The creations of the Parisian haute couture, then of quite recent origin, and of the new Parisian department stores such a s La Samaritaine and Au Bon Marché, were worn and imitated wherever men, and especially women, dressed in the Western way. The French language was spoken in the upper circles of all European countries and used as the global diplomatic language. And although France had suffered a traumatic defeat at the hands of the new and threateningly ambitious Germany in 1870, its capital remained a hotbed and testing ground for all kinds of political theories and convictions, from some of the crankiest to many that would help shape history.
Such was the metropolis where she, who would become known as ‘the Mother,’ was born on 21 February 1878 as Blanche Rachel Mirra Alfassa. The propitious event took place in the parental house at 41, Boulevard Haussmann, named after Georges, baron Haussmann, who had recently given Paris its now world-famous new look. The house still exists, just opposite the department store Au Printemps and close to the Opéra.
Mirra, as the girl would be called, was not French at the time of her birth. Her father was Turkish and her mother Egyptian, and there are indications that both were also of Jewish descent. They had emigrated to France a few months before Mirra’s birth and would become French citizens only in 1890, when the head of the family would become naturalized through a presidential decree.
Her father, Maurice Moise Alfassa, was born in 1843 in the Turkish city of Adrianople, now Edirne; he was a banker by profession. Her mother, Mathilde Alfassa née Ismalun, was born in 1857 in the Egyptian city of Alexandria; she too stemmed from a family of bankers. ‘The Mother’s mother said that she had wanted to marry that gentleman because he had a lot of books! She thought that with a library that big in the house she would never get bored.’ 2 They married in 1874 and went to live in Maurice’s home town. There their first child, a boy, died from a vaccination against smallpox. A second boy, Mattéo, was born in Alexandria in 1876; he probably got his name from the Italian family into which Mathilde’s sister, Elvire, had married. (This was decidedly a family with international ramifications.) Mirra was the third child. There would be no other.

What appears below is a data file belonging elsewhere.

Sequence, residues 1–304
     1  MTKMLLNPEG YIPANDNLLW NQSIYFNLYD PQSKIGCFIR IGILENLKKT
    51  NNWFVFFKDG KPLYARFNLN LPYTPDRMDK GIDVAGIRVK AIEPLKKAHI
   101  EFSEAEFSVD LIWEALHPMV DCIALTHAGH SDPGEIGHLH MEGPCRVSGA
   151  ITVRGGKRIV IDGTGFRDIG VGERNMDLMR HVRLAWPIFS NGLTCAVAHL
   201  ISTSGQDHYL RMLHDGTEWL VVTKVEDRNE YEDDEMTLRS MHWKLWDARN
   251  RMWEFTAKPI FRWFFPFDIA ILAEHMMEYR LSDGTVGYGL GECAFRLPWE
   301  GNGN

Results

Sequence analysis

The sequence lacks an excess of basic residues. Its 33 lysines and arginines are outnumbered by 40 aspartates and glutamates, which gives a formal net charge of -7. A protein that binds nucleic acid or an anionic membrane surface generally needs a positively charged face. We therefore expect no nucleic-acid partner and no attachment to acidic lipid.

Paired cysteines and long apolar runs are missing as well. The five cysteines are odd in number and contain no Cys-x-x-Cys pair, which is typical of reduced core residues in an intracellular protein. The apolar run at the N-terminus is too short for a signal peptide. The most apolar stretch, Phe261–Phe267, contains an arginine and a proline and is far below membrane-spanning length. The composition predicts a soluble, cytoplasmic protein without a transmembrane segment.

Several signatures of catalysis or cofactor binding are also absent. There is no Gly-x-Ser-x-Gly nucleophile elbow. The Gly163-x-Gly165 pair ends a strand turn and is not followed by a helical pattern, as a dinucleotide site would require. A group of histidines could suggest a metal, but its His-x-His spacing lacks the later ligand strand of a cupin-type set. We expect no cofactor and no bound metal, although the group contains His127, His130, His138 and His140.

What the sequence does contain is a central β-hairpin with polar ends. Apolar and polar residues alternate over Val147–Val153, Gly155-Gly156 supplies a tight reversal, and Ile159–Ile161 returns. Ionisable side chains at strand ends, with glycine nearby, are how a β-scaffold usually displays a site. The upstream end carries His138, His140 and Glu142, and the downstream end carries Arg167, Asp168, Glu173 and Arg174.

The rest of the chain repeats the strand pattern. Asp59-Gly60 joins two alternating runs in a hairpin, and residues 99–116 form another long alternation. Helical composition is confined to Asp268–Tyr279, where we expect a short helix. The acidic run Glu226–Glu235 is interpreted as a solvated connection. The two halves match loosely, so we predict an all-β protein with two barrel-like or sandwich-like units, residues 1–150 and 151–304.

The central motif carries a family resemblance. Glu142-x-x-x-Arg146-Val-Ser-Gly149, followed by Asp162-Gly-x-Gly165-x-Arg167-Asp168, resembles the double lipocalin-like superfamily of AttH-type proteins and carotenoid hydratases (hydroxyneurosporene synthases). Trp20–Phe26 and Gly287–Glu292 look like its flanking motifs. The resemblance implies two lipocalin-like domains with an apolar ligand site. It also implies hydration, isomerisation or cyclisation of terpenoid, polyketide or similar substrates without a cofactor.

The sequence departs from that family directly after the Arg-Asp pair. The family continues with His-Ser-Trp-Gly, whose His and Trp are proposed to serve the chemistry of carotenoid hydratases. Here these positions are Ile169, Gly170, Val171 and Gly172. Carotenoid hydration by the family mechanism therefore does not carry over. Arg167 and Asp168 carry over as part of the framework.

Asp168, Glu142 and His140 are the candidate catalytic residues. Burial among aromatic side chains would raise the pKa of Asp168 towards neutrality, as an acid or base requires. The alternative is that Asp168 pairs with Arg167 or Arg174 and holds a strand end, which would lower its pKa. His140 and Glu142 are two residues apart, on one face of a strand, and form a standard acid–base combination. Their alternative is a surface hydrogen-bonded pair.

In later years the Mother sometimes reminisced about her parents. Her father seems to have been a rather easy-going man with wonderful health and an unusual stability of character, more interested in practical things than in philosophical or religious abstractions. He was so strong, the Mother once said, that he could bring a horse to its knees simply by pressing his legs into its sides. He had studied in Austria and knew French, German, English, Italian, Turkish and Egyptian. He had, moreover, an uncommon gift for numbers.
Mirra’s mother was an intelligent but very strong-minded woman – at one time compared by her daughter to ‘an iron rod’ – thoroughly influenced by the spirit of the nineteenth century and by the ideals of the Enlightenment and the French Revolution. She was a confirmed materialist and atheist to whom only what one touches and sees was important, but she believed in unending progress and self-perfection. After her first baby had died, the aspiration had grown in her that her children, whom she loved with a kind of stoical love, would become the best in the world.
Why did Maurice and Mathilde leave Egypt and emigrate to France? Some say that Mathilde refused to curtsy before the Khedive, the Egyptian Viceroy of the Ottoman Empire, to which Egypt had belonged since 1517 (and would belong only for a few more years to come). If true, there must surely have been a very strong motive for such behavior towards the highest authority in the land, even from strong-minded Mathilde. The late 1870s were troubled years in Egypt, where the nationalist movement had gained ground since the opening of the Suez Canal in 1869, and there were signs of revolt against foreigners and the Anglophile Khedive, Tewfik Pasha.
Whether this explosive political situation was related to the facts that forced Maurice and Mathilde out of the country, remains unknown.
Their settling down in Paris was prepared by a remarkable woman, namely Mira Ismalun née Pinto,3 Mathilde’s mother.